This editor's letter is only peripherally related to deck building and is almost entirely an indulgence of my own sentimentality. The background is that although I've lived in Connecticut since 1996, I grew up in a New Jersey town that even now has fewer than 3,000 people, and where everyone knows everyone else.
I inherited the house my father built, and where I grew up. The story is convoluted, but while I've owned the place for nearly 20 years, I came into possession of it only last June. It hadn't been lived in for years, and my wife and I spent every weekend last summer working on the house. Finding ourselves empty-nesters when our youngest left for college last September, we moved into the house to speed things up. We moved back to Connecticut in January, with most everything done. About a month ago, we started going back to Jersey on weekends to finish up the little details. It's done now, and the tenants are in and happy.
Much has changed in our hometown over 16 years. The economy has scythed down the suppliers and contractors I'd dealt with as a carpenter. Only by luck did I get back in touch with an old friend who is an excavator. Ron put me in touch with people I needed to get things done, and in the process we renewed our friendship. Taking my cue from this, I reached out to friends and cousins I hadn't seen in years, and found that most of the people I'd cared about were still there. Where I started out feeling estranged in my hometown, now I feel like I've re-found the thread.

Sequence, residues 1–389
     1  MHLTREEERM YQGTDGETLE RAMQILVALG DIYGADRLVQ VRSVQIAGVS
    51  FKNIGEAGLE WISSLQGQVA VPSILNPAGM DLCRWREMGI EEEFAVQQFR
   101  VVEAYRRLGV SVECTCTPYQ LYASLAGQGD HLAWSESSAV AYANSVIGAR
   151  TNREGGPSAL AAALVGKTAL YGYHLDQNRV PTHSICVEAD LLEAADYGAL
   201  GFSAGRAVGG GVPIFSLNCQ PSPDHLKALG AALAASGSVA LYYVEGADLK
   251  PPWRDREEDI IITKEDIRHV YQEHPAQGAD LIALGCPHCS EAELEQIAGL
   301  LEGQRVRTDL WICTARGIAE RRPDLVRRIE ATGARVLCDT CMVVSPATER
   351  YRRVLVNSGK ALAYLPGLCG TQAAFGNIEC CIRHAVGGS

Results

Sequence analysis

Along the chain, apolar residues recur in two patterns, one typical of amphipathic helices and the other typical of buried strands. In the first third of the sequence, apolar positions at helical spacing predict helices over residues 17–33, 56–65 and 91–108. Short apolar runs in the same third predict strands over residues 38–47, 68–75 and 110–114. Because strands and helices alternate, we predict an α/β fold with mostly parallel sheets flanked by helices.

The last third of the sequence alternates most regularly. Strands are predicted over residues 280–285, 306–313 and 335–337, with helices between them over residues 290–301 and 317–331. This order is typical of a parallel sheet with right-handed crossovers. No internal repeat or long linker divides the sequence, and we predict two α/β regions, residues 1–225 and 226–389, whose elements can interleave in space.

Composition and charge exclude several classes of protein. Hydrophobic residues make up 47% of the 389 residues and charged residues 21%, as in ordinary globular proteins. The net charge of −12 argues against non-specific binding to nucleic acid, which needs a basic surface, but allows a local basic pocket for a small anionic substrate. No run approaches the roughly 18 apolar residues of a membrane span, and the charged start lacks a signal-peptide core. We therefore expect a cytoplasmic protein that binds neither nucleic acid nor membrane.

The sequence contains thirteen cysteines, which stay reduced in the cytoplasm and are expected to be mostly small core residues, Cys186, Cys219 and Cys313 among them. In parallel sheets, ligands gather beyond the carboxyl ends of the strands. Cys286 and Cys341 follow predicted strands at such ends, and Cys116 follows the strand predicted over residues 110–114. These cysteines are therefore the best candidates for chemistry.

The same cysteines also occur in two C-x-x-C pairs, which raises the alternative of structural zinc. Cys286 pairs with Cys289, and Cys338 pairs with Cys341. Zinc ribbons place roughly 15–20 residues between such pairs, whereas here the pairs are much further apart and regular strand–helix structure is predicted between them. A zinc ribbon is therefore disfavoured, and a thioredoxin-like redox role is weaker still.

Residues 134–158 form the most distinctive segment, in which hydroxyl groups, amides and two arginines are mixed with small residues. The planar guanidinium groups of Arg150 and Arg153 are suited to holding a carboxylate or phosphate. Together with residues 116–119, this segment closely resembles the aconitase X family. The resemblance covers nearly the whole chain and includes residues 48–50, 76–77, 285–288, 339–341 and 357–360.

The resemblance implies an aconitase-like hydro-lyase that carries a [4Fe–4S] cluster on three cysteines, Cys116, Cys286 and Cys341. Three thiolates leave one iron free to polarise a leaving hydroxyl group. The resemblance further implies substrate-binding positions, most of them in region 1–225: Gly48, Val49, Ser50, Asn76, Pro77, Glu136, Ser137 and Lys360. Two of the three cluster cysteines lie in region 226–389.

One stand-out event happened only last weekend, our final one in Jersey. I'm a cyclist - one of those goofy-looking middle-aged guys who ride expensive bikes and wear ridiculously tight clothing. In Jersey, I often went for long, early morning rides before starting work. On one such ride, I realized I'd be passing the house of my eighth-grade teacher.
Wayne (he insists I use his first name, although I still find that difficult) inspired in me a life-long love of learning, and coincidentally, of cycling. We'd stayed in touch in earlier days, but when I moved away, I got busy starting life in another place, and he dropped into my past. I hadn't seen him in 16 years. Wayne gave up teaching long ago, and he and his wife Anita developed a successful high-end construction business. In fact, I'd worked with him on one of the last projects I did before moving away.
On an impulse, I pedaled up their driveway. No one was home, but I stuck a business card in the door. Before long, Wayne called and invited my wife (who was in my eighth-grade class) and me to visit. Wayne and Anita have a stunning home - not huge, but right - and were gracious hosts. We spent an evening on their porch watching lightning bugs light up the forest.
Wayne comes from at least three generations of carpenters and woodworkers, and he gave me a box of his grandfather's tools. He wanted them to go to someone who would appreciate them. It's one of the most touching gifts I've ever received. Wayne, if you happen to read this, I want you to know that you nailed it. Thank you, for everything.